August 2008 Ethics Dunces
100 College Presidents
It is one of the great ethics dodges, and can still seduce people who should know better.
A good term for it would be “values
surrender.” It works like this:
There is harmful conduct that a
society has determined, through debate, experience and logic, needs to
be prohibited because of its far-reaching, undesirable effects on the
quality of life and the public welfare. But people still persist in doing
it, despite education, cultural disapproval and laws. Resisting the spread
of this conduct becomes expensive, time-consuming and frustrating. Nobody
seriously believes that the conduct is good, but authority figures become
weary of defending the prohibition and being held responsible for its
failures, as more and more people do it anyway. So they give up.
They decide that the best way to “solve” the problem is to declare that
wrong is right, that the disapproved conduct is now acceptable, and to
end the prohibitions, be they legal or cultural. This is the point where
the ethical rationalization or fallacy “everybody does it” becomes true:
enough people do “it,” whatever it is, that the culture literally surrenders.
Okay! Get divorced as soon as your marriage hits some bumps. All right!
There’s nothing necessarily wrong with having kids before you get married.
Fine! Let everyone drug themselves into uselessness. Polygamy? Yeah, it’s
exploitive and abusive to women, but how do you enforce it? Fine: go ahead.
Gambling? We can’t stop it, so let’s legalize it and have the state promote
it…it beats having to raise taxes. At any moment there are lots of values
surrenders, small and large, being considered or happening right under
our noses. Civil conduct in public. Being quiet and respectful of others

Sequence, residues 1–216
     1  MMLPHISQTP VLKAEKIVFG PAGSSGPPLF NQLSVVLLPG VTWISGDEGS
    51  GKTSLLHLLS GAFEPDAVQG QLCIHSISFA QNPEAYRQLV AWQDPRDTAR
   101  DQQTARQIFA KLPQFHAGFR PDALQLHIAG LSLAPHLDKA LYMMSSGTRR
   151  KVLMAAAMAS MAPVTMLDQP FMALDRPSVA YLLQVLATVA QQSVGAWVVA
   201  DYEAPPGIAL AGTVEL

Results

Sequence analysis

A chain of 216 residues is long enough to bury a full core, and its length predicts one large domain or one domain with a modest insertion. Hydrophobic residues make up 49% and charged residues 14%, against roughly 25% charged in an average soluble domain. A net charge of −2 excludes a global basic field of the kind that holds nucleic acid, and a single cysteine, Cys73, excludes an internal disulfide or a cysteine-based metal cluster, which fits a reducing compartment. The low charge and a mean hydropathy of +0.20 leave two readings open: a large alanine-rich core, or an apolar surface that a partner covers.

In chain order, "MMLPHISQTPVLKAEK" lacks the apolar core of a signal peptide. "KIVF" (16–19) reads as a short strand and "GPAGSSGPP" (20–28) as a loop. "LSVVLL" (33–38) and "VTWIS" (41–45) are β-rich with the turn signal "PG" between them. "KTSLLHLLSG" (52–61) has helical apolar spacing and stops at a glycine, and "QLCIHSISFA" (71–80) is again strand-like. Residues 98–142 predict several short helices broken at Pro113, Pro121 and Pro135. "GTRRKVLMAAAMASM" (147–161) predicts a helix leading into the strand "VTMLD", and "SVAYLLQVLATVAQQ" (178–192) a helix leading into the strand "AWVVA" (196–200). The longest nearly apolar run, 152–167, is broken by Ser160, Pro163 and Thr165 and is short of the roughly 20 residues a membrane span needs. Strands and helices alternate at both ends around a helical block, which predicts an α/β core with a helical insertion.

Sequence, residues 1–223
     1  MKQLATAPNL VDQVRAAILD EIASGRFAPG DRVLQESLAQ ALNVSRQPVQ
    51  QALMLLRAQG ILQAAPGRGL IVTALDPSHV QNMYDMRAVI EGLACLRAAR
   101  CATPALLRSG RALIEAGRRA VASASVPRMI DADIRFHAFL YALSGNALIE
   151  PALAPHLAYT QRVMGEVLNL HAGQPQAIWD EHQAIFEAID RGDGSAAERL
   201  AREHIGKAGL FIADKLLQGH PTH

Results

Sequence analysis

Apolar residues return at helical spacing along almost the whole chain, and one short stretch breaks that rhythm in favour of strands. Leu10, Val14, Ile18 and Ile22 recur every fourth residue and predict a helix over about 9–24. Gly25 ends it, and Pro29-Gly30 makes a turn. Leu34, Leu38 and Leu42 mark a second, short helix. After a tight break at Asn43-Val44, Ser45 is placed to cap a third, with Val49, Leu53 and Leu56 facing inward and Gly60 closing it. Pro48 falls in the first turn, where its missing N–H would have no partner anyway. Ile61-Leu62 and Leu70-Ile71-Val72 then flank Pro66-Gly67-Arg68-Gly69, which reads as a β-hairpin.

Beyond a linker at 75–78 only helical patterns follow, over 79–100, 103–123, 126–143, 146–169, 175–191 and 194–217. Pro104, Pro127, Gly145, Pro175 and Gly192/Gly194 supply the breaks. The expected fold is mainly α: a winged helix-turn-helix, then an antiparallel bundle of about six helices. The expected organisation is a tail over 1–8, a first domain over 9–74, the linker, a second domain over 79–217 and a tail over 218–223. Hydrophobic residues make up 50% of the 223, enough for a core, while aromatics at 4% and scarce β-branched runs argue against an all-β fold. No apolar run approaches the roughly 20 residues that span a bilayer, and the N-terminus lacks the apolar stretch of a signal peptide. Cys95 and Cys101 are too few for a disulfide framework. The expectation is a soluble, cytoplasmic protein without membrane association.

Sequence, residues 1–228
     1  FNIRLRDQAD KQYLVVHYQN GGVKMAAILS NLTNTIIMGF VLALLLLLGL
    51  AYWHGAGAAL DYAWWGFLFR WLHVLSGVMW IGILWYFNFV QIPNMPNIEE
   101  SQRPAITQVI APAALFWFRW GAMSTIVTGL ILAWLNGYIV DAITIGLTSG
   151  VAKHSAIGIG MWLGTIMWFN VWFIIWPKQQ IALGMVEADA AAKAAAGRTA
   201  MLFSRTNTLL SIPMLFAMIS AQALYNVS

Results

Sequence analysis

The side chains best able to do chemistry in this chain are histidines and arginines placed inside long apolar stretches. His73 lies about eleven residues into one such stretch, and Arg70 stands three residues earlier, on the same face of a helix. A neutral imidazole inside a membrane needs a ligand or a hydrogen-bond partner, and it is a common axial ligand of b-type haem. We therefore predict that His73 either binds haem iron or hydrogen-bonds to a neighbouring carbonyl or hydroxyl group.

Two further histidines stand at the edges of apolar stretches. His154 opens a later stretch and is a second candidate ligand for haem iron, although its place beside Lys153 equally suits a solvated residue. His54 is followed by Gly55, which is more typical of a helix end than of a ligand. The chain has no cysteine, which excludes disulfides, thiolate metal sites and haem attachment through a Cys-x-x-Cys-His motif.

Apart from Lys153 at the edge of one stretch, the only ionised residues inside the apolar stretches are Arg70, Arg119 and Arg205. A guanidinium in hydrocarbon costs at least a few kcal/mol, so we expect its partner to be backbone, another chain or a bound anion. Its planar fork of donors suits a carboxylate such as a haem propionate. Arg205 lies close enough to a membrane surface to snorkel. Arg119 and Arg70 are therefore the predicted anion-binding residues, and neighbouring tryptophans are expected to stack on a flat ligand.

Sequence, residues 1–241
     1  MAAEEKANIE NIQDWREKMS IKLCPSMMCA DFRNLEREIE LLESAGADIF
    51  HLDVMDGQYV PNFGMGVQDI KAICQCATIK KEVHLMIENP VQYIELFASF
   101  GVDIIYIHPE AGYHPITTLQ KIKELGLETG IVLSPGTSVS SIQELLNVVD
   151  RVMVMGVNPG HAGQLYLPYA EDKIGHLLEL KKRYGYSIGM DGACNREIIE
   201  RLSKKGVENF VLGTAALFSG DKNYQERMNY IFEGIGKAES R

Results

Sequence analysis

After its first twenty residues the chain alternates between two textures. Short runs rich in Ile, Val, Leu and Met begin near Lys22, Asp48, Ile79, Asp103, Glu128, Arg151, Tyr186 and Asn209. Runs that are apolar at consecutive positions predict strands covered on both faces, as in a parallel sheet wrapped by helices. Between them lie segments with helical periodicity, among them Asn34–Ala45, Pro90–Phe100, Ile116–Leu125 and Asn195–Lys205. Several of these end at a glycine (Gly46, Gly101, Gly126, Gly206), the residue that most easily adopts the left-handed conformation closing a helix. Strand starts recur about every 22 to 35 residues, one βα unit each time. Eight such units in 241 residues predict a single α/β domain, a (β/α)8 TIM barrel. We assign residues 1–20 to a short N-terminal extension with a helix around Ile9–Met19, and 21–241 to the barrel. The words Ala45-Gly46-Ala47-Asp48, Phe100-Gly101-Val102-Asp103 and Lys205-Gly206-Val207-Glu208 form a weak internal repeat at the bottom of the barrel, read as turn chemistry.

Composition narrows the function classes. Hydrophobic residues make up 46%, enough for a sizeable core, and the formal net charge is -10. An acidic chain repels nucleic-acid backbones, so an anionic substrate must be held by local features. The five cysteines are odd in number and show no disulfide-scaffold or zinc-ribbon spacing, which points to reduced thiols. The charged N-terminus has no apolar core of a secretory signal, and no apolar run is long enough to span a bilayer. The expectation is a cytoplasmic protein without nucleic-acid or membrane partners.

in libraries. Dressing appropriately in public. Vulgar and obscene speech.
Maybe we should legalize steroids: it’s too hard to test for them anyway.
Prostitution: people have been practicing it and seeking it for centuries;
let’s just make it legal and be done with it.
And next? Next is whatever values
society loses the will and the courage to maintain. Don’t presume that
you know where the line will be drawn. History shows us that there is
almost no downward limit to what conduct societies will permit out of
fatigue, folly and intellectual laziness.
Now about a hundred college presidents
have signed a statement urging reconsideration of the drinking age, and
asking whether it should be lowered from 21 to 18. The well-established
fact that the higher legal limit saves lives---figures indicate that about
900 18-20 year-olds are saved every year because of the current
restriction---isn’t sufficient to justify it, apparently, according to
our ivory tower leaders. Why? Because they don’t like enforcing anti-drinking
policies, which are violated regularly, sometimes with tragic results.
And when the tragic results occur in their institutions’ dorm rooms, the
college presidents are hit with criticism, and sometimes lawsuits. They
certainly don’t like that. If the drinking age is 18, however, they are
off the hook. Thus this craven call for “debate” is just one more values
surrender. The college presidents who signed this statement are willing
to sacrifice nearly a thousand young lives a year because they are tired,
frustrated and afraid. But instead of admitting that, they couch their
surrender as an invitation to dialogue.
For the record, here are the values these leaders of higher education are trying to surrender:
I would not entrust my child to any institution led by an individual who would take part in such a sweeping values surrender. Calling these college presidents Ethics Dunces is an understatement.